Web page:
Lewis & Quark

Einblick

Mathematics

It's one of those things. You've won the lottery, and at the stadium where your favorite sports team is playing, you are asked over the intercom to come down and answer a simple question for the benefit of the audience before they give you your money. You smile. This should go easy. "What is 2+2?" That's a simple question. "Four," you answer confidently. A collective gasp issues from the audience. And then the booing begins. "Wrong!" Wrong? The intercom sighs. "Would you like to try again?" They ask again. "Four," you say again. More booing. "One last time." You consider. "...Four?" Then the people are screaming, and they kick you out of the field, screaming and raging. Has the world gone mad? But a worse question bugs you. Does 2+2=4?
Does 2+2=4?
If you are at all familiar with basic addition, you have some knowledge of mathematics. You know that mathematics is the study of numbers. But that isn't the whole story. The most famous mathematics textbook in history, Euclid's Elements, does not have a single number in it. Mathematics is much more than just numbers--it is also shapes. Even functions and very advanced mathematics are basically the stories of numbers and shapes. And numbers and shapes play a much bigger part in our lives than just physical application, or doing problems. Believe it or not, mathematics extends from your boring textbook from the early 2000s into the whole universe. Becoming adept at mathematics trains your mind in ways other subjects simply can't.
While other disciplines were created by humans, mathematics exists outside of us. 2+2 equaled 4 before humans began to understand the concept. And although mathematics was understood practically in Egypt and Babylon for purely practical reasons (areas of farmland, volume, simple accounting), philosophy abstracted mathematics, making it valuable for what it was, not just what it could do. Hence, most mathematical discoveries were made by philosophers.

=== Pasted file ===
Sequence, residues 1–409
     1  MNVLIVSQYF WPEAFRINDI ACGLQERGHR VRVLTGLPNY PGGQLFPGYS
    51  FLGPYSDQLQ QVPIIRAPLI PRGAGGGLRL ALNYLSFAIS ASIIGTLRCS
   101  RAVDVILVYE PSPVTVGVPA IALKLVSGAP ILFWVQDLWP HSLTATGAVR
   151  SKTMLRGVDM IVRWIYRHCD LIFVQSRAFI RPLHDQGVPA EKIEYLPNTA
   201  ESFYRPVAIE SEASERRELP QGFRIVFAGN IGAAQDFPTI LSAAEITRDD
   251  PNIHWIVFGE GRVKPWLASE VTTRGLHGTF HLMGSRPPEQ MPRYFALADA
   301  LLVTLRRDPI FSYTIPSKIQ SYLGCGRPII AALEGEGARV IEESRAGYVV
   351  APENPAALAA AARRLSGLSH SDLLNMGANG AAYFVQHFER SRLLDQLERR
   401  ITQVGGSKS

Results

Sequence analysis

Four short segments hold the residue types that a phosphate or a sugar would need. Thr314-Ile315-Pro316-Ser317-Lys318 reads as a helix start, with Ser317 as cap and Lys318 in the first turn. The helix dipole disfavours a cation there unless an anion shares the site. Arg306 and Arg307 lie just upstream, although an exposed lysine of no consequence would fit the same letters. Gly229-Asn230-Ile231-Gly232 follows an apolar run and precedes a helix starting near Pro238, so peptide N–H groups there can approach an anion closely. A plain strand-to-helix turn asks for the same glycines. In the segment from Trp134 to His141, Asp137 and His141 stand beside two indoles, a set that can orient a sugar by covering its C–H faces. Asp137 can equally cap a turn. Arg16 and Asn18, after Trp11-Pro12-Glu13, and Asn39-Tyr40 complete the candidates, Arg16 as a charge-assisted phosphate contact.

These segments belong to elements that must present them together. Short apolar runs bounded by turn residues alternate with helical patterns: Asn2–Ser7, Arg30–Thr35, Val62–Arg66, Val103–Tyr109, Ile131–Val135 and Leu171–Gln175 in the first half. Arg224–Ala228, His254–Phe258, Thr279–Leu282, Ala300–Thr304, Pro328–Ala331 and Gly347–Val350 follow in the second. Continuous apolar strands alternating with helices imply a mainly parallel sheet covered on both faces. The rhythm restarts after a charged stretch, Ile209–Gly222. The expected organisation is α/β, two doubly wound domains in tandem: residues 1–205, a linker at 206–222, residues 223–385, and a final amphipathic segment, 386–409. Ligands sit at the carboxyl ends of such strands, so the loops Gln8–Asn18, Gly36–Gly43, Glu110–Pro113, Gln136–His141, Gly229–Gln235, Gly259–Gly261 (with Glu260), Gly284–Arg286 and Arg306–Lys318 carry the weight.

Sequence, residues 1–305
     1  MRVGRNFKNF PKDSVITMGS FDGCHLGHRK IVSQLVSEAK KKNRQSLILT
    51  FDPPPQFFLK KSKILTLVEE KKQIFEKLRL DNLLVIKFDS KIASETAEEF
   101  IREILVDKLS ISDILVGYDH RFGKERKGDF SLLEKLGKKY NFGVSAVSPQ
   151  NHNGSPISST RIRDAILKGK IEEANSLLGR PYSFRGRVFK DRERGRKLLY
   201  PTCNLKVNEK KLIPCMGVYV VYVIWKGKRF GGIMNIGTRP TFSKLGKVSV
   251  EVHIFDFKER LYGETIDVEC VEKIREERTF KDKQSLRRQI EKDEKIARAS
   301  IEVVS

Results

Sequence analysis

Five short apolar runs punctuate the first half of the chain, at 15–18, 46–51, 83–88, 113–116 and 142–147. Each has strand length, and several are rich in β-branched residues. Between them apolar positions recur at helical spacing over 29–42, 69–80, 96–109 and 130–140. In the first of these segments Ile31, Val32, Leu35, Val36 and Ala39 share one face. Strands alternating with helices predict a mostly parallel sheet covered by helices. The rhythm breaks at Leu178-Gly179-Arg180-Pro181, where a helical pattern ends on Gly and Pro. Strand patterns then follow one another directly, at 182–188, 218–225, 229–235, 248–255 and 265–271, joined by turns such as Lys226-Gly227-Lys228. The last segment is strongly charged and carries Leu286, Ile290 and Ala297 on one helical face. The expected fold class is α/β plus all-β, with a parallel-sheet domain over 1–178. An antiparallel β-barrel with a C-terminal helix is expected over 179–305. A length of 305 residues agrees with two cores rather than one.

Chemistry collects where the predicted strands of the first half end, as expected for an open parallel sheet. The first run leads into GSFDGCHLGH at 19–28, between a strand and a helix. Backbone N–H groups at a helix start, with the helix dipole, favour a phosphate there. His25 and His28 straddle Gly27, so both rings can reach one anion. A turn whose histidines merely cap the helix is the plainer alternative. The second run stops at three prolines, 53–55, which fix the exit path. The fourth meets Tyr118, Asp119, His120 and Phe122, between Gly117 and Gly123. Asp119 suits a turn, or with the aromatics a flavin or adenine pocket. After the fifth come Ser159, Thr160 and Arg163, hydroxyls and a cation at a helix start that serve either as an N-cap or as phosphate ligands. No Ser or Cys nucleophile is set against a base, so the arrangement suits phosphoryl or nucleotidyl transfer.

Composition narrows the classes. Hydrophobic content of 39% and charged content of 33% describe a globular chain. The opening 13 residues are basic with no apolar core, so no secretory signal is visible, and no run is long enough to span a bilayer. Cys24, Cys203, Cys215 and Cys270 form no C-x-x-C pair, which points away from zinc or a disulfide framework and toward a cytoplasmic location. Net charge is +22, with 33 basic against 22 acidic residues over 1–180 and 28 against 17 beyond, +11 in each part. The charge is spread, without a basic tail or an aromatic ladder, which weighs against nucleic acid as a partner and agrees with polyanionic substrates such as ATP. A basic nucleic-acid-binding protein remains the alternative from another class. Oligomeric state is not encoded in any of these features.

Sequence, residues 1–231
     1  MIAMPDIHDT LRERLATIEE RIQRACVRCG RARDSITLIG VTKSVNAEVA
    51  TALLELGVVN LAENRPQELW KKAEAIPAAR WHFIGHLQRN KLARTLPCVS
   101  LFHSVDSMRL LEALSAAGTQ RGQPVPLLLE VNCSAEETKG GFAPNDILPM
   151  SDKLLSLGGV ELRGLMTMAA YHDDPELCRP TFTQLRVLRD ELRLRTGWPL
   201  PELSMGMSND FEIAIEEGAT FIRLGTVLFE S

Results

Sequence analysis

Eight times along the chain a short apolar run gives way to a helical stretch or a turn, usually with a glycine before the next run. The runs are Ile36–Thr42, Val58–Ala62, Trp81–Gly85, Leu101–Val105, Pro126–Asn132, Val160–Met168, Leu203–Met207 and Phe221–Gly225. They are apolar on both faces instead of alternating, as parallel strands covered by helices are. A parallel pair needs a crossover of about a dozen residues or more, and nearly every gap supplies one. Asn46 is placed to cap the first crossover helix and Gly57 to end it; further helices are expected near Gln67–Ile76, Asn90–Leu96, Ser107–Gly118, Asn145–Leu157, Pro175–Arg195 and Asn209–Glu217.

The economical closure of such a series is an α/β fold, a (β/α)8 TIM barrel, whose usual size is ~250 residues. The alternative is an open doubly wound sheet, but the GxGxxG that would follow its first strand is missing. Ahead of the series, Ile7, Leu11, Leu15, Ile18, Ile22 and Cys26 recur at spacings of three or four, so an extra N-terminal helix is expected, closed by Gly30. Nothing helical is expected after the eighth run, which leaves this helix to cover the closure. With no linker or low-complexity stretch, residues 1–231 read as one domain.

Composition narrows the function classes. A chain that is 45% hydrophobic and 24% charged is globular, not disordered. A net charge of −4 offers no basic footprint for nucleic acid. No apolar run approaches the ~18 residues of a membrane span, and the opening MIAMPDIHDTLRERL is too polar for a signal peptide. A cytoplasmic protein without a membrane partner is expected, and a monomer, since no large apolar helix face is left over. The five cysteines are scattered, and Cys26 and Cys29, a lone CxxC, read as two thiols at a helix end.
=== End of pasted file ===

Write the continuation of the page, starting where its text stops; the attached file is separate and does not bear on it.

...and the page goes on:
Mathematics has held a special place in thinkers' minds since classical Greece. Thales, both philosopher and mathematician, was the first to think of numbers for their own sake. He, and his pupil Pythagoras (of Pythagorean Theorem fame) were the first to think of numbers for their own sake. Plato, the most famous of the Pythagoreans, elevated mathematics to a spiritual level, basing his view of heaven in the Republic on mathematical ratios. Eventually, mathematics became a massive proof system, evidenced by the aforementioned Euclid's Elements.
After the fall of Rome, mathematical knowledge moved to India and the Islamic empires, only returning to the West through European language translations of the Arabic copies of Greek texts. In the 1600s, philosopher Descartes wedded the previously divergent studies of numbers and shapes in analytic geometry. Sir Isaac Newton invented calculus, based on functions, for more complex shapes and numbers. Even as mathematics grew, it remained empirical, something other studies often wished for. 2+2 always equaled 4.
But in the 19th century, mathematicians discovered that there were logically consistent geometries fundamentally different from ordinary Euclidean geometry--what you've learned in school. Suddenly, the interior angles of a triangle could be greater or less than 180 degrees, and parallel lines could intersect. Try it out. Then Albert Einstein described all of reality as non-Euclidean, the space curve. On large scales, our normative mathematics does not function. Simple groups of objects could be fundamentally inconsistent. Kurt GÃ¶del, and Austrian logician, discovered that even if you perfectly create an axiomatic system, it will be incomplete. Since Plato and Thales, mathematics had always been regarded as unshakable and certain. These discoveries challenged that notion. But do we hold that notion for no reason? Doesn't 2+2 always equal 4?